Tuesday, February 1, 2022

College Research Paper: Ancient Greek Philosophical Solutions to Modern Information Technology Delivery Problems

Ancient Greek Philosophical Solutions to Modern Information Technology Delivery Problems

Life does not come with a complete instruction book, nor can we predict what our future holds.  Also, why would we go to great lengths to plan the future of life in excruciating detail to the day we die and then force ourselves to follow that plan, not deviating from it a single time?  Would anyone remain committed to a plan when external circumstances have changed?  Yet this is what traditional project methodologies attempt. On the other end of the spectrum are agile methodologies which endeavor to incrementally deliver value and improve, akin to the approach ancient Greek philosophers used in pursuit of living well.  Life and Information Technology projects have an eerie similarity, and we may learn important clues to managing projects if we look to how ancient Greek philosophers sought to find the good life.

In the complex and rapidly changing arena of IT, managing risks of scope creep, growing costs, and delays in schedule produce overhead.  IT teams can learn and apply ancient Greek philosophical practices to manage these risks.  These practices help teams drive clarity, prepare for adverse events, and improve learning, while enabling individual workers to live holistically.  Many ancient Greek ideas have re-appeared in a contemporary IT delivery method known as Agile, which seeks incremental improvements with tight feedback loops, as a smart way to manage feature creep, burgeoning costs, and delays in schedule.  These constraints have often been called the “Iron Triangle” (see figure 1).  Organizations which successfully manage the risks from these constraints stand to win in the market.

Figure 1 Measey

Two major challenges IT projects face are managing swift shifts in technological solutions and determining the proper project methodology.  Teams unable to grapple with rapid changes in technological landscapes and ascertain the right delivery methodology, risk significant overhead costs related to the Iron Triangle.  The first challenge, rapid technology development, drives much of the economy today.

Technology floods people’s lives and the IT arena plays a significant role in the deluge of solutions to many business problems.  Just as early oil titans rushed to seek, capture, and sell oil in 19th century America, a new rush has emerged in the last 15 years, only this time it is based in data and information.  Tim O’Reilly, founder of the company which creates popular media for learning IT, said the following in 2005, “The race is on to own certain classes of core data: location, identity, calendaring of public events, product identifiers and namespaces” (Dames 14).  This idea of a race to own and manage data was eventually characterized by the phrase “Data Is the New Oil,” meaning the 21st century global economy would be powered by data, as oil drove economies in the 19th and 20th centuries (Dames).  This data rush has birthed numerous companies and solutions to business problems which fuels the frantic pace.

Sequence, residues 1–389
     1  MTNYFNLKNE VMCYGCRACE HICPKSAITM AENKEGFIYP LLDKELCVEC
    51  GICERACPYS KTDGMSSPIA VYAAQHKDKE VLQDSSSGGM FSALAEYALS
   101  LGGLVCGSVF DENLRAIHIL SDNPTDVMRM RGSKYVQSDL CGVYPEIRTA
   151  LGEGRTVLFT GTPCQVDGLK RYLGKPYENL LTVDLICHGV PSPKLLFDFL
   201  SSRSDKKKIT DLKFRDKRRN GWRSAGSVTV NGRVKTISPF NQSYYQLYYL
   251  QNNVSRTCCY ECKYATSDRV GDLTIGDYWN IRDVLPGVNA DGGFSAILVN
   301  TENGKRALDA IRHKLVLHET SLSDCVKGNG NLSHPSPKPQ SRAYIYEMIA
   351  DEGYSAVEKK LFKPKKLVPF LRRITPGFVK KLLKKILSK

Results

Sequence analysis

As businesses try to keep pace with innovation, IT project managers’ job has become more difficult to manage scope, cost, and schedule.  An academic researcher and an IT consultant, with more than 30 years’ experience “observed the same phenomenon over and over – the pace of technological change often outruns and undermines the best project management planning efforts” (Durney and Donnelly 642).  If IT project managers effectively manage the delivery, companies will win increased profits.  The second challenge, therefore, is determining which methodology to leverage for IT project management.

Traditional project management methodologies attempt to anticipate and plan for multi-faceted risks to the project via large chunks of work.  Larger pieces of work bring significant overhead costs through detailed planning.  When managers go to great lengths to make exhaustive plans, they fall into the mental trap of never deviating from the plan regardless of changes in landscape.  Today, managers have options other than traditional project management methodologies.   An article in The Journal of Computer Information Systems noted importantly that traditional methods are most likely unsuitable for intricate, ambiguous, and time-constrained projects and therefore, agile methodologies “show promise” (Fernandez and Fernandez 10).  The core mindset of agile methodologies is to focus on delivering value via incremental pieces of work and steadily improve the team’s way of working.

Modern IT workers should take note of the similarities between agile principals and the spirit of ancient Greek philosophy.  One word which ties these two ideas together is: incremental.  Truly agile teams seek to deliver functional solutions with constant feedback from customers and themselves.  Simply stated, they seek frequent, incremental improvement.  Similarly, a recent philosophy author wrote this of Roman Stoicism (which stems from the ancient Greeks),

Roman Stoicism is a kind of path that focuses on making small, incremental amounts of progress each day, one step at a time. No one is perfect, and that’s why Stoicism, at least in part, is a practice: and it’s not just a practice that you undertake, but something that you practice at—in the same way a musician or an athlete practices—to get better at what you do. (Fideler ch. 1)

While there are many comparable practices, this paper will discuss three and how they relate to an agile mindset.

First is the Socratic method, which drives clarity between individuals on an agile team, especially those engaged in paired programming.  The second and third are the Stoic rituals premeditatio malorum and end-of-day review.  These relate to planning and retrospective ceremonies on agile teams and provide strong feedback mechanisms to deliver and improve incrementally.  This essay will discuss each philosophical practice and elaborate on the corresponding agile practice, along with how each one can alleviate the risks of the Iron Triangle while delivering value to customers.  The first practice hearkens back to the person who started this grand conversation: Socrates.